The LTA has returned a profit for the first time in four years - partly due to the financial success of last year's Wimbledon.
British tennis' governing body recorded an operating profit of £8.7m in 2019, having lost £6.3m the previous year.
The LTA has increased its reserves to more than £75m.
But the cancellation of this year's Wimbledon, and all of the summer grass court events, means that money is very likely to be drawn upon in future.
"Whilst the LTA delivered a profit for 2019, the current outlook for 2020 and beyond will be very different due to the financial impact of the current pandemic," the LTA said in a statement.
Around 50% of its staff are currently furloughed, and the organisation does not think its reserves should disqualify it from receiving government support.
"Our responsibility is to protect the long term growth and future of the sport in Britain," the statement continued.
"Our reserves, in isolation, can only support the short term needs of the sport at this time. The Government furlough scheme is an essential measure to assist organisations, including the LTA, manage such cash flow constraints and to safeguard jobs in the future."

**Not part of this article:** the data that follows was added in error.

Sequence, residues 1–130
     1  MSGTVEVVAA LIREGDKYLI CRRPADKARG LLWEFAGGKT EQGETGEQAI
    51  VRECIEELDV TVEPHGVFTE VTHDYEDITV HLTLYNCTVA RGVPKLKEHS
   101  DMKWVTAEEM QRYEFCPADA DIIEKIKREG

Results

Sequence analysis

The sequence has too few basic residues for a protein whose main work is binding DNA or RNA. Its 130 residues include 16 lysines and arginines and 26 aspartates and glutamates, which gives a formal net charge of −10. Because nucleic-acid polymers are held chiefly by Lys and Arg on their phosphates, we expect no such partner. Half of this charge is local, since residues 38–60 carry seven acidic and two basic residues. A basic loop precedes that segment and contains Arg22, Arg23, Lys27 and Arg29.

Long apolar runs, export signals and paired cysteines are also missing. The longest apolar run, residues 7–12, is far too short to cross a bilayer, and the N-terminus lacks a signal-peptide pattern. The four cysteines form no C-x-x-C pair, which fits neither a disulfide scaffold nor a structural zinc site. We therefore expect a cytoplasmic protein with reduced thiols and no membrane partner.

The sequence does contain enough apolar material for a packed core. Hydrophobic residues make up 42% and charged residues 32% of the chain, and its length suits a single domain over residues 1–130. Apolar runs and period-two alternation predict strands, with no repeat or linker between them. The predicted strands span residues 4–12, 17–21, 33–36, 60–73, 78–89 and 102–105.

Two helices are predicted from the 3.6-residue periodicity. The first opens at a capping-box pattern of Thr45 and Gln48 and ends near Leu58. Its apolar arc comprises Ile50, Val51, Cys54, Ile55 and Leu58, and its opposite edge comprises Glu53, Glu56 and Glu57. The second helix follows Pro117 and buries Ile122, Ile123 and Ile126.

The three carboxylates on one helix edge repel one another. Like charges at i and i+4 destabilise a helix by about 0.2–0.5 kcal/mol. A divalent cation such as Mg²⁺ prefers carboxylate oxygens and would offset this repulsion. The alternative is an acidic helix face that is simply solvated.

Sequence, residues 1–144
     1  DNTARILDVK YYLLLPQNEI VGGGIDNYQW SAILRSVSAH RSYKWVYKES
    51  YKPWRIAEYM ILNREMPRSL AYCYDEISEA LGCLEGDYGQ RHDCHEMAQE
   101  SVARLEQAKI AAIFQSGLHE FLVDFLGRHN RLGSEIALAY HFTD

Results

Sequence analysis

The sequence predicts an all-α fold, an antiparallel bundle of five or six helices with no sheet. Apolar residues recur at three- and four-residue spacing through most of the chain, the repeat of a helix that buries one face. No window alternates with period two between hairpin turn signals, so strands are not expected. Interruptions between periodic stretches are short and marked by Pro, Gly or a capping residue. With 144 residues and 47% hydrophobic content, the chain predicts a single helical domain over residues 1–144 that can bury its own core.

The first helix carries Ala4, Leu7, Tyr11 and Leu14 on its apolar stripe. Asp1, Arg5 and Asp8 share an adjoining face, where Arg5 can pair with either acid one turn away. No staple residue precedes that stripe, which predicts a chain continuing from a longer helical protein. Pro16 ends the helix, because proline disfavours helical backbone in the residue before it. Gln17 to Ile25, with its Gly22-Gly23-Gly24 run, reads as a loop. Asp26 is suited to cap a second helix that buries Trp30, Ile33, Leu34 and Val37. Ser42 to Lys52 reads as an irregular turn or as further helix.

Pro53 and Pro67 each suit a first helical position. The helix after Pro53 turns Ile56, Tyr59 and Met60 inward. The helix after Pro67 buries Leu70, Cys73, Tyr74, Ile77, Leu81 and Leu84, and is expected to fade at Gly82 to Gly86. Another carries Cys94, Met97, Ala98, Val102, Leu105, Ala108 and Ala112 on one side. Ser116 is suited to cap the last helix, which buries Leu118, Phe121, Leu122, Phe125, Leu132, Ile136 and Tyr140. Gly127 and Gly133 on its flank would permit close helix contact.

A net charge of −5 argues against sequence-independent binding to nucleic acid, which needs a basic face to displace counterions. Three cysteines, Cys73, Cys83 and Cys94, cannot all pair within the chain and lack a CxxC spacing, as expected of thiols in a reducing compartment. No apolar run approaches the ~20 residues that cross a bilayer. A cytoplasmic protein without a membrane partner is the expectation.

The surplus the LTA receives from The All England Club is certain to fall next year, even though pandemic insurance will shelter the Club from the worst effects of cancellation.
The All England Club has agreed to pay the LTA 90% of its annual surplus until 2053.
The LTA has also put aside up to £20m in grants and interest free loans to help venues, coaches, players and officials through the crisis.
Staging Fed Cup ties at Bath University and London's Copper Box Arena helped the LTA's commercial revenue rise by just over 10% last year.
Spending on the performance budget, meanwhile, increased by a third. Academies have been opened in Loughborough and Stirling as the LTA aims to make Britain "one of the most respected nations in the world for player development."